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Extra Credit Projects & Activities

Using the DVD as a teacher's tool along with the accompanying transcription, teachers may see an opportunity to evaluate students' observation and listening skills. Topics that are mentioned but may require additional outside research and make for interesting projects are listed here. Some of the answers are found within the curriculum and some questions may require outside sources to be properly addressed. Suggested on-line resource(s) are given, although students may choose to complete assignments using standard encyclopedia and alternate media research methods.

Structure of Feline Eyes
All tigers have yellow eyes with the exception of the White Tiger which has blue eyes. Feline eyesight is equivalent to humans during the daytime. They are equipped however with a special structure in their eye making night vision far superior to that of humans. This special structure is called "tapetum lucidum" (meaning "bright carpet") which reflects light making objects appear brighter and is an optical adaptation especially for night predators. The retina of nocturnal animals is almost entirely composed of rods. The other type of vision cells, cones, is absent or almost absent, leaving nocturnal animals with virtually no color vision.

The Nocturnal Eye

Nocturnal eyes: How do animals see in the dark?

eBioMedia - Eye, Eye, Eye, Eye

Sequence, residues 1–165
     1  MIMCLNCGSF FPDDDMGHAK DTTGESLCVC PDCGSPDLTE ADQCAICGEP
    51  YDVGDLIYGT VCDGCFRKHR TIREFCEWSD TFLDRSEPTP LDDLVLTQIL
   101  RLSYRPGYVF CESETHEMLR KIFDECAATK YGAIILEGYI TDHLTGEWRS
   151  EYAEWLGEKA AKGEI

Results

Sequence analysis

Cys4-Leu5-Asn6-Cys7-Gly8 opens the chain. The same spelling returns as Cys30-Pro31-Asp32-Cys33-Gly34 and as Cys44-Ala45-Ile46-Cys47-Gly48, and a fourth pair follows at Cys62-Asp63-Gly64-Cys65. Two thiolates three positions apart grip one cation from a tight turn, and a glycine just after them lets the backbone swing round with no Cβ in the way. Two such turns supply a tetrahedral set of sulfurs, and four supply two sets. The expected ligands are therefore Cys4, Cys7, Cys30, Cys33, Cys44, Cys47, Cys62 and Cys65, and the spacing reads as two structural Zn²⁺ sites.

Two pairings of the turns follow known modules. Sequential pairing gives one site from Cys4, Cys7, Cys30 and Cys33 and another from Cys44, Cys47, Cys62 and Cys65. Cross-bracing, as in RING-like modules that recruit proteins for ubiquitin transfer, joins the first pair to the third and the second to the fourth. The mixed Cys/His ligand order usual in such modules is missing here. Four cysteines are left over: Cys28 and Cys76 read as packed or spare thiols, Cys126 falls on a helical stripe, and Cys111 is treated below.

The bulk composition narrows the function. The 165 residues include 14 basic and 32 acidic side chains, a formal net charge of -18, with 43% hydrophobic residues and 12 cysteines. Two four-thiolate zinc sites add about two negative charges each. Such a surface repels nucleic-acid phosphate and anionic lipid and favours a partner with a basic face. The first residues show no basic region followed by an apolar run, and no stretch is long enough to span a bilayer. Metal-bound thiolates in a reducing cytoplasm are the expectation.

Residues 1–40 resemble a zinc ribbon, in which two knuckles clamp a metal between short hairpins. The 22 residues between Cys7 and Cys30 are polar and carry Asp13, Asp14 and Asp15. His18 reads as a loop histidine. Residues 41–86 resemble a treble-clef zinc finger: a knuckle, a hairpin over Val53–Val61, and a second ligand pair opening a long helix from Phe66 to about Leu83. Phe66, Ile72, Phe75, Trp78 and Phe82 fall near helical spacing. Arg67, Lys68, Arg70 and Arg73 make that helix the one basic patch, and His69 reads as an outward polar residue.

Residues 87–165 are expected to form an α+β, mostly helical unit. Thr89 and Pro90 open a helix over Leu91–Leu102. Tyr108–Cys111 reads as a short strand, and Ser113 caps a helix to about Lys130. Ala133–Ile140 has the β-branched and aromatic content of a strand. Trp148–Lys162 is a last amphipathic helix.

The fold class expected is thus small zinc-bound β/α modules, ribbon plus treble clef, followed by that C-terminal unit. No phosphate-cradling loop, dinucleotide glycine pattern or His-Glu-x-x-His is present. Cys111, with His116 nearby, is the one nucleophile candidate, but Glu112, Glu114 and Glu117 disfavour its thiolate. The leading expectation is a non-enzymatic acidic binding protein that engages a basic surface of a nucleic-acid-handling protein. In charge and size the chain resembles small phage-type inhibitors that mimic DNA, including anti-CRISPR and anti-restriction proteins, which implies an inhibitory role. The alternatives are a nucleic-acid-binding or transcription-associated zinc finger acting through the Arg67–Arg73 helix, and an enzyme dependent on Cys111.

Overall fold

About Children's Health.com (Experiment)

False Eyes: Natural provides animals with camouflage giving them "False Eyes". This depiction of "eyes" equips the animals with a natural disguise to confuse predators and reduce vulnerability. Nature has given many animals this protective feature including many species of butterflies, fish, lizards and mammals. Have students research and locate animals with naturally occurring "False Eyes". Students may choose to draw representative species freehand or print pictures and accompany with a brief essay.

eBioMedia - Eye, Eye, Eye, Eye
Essays & Photos by Dennis Denning and Molly Kirk

Metric Weights & Measures
It is very important for students to be proficient in converting standard U.S. weights and measures and to familiarize themselves with metric conversions. An interesting assignment suggestion is to have students convert the cats' standard weights and measures into US/metric calculations. Teachers may select from the animal's profiles, print pages and using only one of the equation factors, copy for distribution along with a metric conversion chart to let the students practice these conversion equations on animal weights and lengths.

Metric Conversion Chart

NIST - National Institute of Standards and Technologies

Tigers: Extinct Species
Teachers will notice the "PowerCats" DVD flashes an inset fact stating that 3 species of Tigers are now classified as extinct. This provides an excellent opportunity for further research. The three extinct subspecies of Tigers are the Bali, Caspian and Javan tiger. Complete information on each subspecies is detailed within this curriculum providing teachers the ability to evaluate their students reasoning and comprehensive abilities. Students may be asked to write a summary about animal "Extinction" and its consequences for mankind. Students may want to familiarize themselves with these animals as well as the various organizations that strive to protect the remaining species.

Tigerhomes.org - Extinct Lion and Tiger Species Index


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